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The Moral Economy of Intergenerational Redistribution in an Ageing Society: A Qualitative Analysis of Young Adults' Beliefs in the United States

Katrin Prinzen (2016)

Abstract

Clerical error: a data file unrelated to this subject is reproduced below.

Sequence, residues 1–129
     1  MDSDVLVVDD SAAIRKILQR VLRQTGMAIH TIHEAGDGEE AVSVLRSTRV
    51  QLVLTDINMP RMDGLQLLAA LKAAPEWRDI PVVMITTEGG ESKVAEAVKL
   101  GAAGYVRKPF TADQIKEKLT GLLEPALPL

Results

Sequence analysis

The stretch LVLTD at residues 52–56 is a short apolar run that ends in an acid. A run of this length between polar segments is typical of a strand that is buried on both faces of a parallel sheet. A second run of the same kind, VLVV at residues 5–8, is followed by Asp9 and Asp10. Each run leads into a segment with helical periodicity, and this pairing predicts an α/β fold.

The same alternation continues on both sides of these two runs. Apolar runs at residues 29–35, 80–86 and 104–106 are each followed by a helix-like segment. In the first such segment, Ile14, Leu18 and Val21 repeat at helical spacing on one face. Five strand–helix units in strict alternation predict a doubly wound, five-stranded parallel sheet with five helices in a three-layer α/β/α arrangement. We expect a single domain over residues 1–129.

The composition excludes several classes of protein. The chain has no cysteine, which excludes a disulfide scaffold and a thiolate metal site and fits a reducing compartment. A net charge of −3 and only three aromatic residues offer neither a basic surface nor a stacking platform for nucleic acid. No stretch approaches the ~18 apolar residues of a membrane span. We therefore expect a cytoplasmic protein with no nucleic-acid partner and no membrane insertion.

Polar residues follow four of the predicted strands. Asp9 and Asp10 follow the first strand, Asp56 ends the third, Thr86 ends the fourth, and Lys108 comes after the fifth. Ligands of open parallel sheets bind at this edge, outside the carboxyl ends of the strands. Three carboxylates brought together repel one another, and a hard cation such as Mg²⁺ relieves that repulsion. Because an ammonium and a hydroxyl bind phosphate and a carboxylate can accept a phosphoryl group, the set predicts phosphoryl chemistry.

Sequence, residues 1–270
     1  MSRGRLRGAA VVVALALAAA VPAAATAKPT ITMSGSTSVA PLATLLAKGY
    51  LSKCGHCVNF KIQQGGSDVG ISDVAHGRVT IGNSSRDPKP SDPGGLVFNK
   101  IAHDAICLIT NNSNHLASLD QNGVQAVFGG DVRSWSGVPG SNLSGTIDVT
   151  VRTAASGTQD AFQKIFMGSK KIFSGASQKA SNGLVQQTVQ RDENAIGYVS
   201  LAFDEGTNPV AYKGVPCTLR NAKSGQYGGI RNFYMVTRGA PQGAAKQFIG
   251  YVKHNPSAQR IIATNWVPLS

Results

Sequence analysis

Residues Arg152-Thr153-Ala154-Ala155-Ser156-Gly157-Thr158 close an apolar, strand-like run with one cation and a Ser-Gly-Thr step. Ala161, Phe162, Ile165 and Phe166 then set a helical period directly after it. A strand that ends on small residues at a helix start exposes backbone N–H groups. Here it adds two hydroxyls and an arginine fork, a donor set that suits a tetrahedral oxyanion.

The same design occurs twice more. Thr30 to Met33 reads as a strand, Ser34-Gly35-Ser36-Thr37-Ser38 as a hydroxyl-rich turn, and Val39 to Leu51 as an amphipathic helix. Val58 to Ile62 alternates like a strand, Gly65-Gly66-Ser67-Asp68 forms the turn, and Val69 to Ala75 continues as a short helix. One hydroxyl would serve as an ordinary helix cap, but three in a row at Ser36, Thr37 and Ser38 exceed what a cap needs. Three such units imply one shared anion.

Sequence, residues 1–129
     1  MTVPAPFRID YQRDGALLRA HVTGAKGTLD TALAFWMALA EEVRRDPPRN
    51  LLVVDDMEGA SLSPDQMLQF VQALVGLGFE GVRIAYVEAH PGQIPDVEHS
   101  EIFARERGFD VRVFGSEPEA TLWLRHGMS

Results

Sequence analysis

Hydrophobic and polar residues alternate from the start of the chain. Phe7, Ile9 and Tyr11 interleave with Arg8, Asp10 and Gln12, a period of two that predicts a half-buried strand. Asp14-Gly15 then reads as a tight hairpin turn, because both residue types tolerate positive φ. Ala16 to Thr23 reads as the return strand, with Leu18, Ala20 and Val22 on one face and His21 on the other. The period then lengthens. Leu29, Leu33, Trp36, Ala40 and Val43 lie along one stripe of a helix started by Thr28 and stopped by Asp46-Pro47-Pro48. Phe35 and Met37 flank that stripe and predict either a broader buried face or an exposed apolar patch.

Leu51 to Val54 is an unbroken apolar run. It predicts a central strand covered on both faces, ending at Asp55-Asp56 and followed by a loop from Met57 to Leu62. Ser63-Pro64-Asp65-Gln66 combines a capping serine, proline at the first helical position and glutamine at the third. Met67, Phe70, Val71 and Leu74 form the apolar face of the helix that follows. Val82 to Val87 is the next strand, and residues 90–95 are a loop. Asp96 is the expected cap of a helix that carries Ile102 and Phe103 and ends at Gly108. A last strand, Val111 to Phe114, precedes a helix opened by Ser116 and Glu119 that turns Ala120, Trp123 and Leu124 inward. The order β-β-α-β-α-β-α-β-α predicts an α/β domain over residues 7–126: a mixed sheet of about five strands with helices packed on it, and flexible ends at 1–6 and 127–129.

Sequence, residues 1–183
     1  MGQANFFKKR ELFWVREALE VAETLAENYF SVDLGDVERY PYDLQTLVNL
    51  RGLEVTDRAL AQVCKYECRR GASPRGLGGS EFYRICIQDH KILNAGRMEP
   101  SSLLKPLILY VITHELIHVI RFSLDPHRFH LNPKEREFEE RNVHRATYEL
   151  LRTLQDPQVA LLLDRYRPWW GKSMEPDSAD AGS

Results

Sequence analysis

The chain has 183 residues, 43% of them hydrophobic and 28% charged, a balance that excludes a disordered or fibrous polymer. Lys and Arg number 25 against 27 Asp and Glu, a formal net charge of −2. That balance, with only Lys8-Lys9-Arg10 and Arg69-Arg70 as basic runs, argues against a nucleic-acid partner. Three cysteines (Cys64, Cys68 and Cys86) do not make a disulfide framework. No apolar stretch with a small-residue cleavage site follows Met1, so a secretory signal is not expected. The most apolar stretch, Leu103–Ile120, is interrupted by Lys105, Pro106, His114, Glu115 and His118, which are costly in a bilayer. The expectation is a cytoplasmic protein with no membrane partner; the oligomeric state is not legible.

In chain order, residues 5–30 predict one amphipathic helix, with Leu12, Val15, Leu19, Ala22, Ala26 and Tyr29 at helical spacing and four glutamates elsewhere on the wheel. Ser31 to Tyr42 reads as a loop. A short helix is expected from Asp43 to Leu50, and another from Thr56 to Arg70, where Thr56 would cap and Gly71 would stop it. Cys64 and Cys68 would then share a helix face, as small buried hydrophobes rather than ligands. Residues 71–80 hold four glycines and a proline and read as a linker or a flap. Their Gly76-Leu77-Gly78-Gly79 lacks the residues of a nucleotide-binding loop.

In the USA, the largest generation, the Baby Boomers, is currently retiring and increasingly drawing from Old Age Social Security. In this context, young generations are said to be disadvantaged: they have to support a growing number of pensioners while expecting much lower pensions themselves. Drawing on 14 original semi-structured interviews with young US citizens aged 20–36, this study analyzes the moral economy of intergenerational redistribution – defined as normative beliefs and justifications of a just distribution of contributions and benefits between generations. The qualitative content analysis resorts to the four constituent institutional principles of intergenerational redistribution:deservingness (being qualified to receive support), reciprocity (mutual support between generations), equity (relation between in- and outputs for one generation) and equality (corresponding conditions for different generations). The first main finding is that the young hold multiple normative beliefs in favour of intergenerational redistribution. The second main finding is that different normative beliefs and justifications can compensate for feelings of injustice attributable to the consequences of an ageing society. The qualitative findings' contributions to the field of study that is dominated by quantitative studies are concluded. Implications for public support for intergenerational redistribution in the ageing society of the USA and other countries are discussed.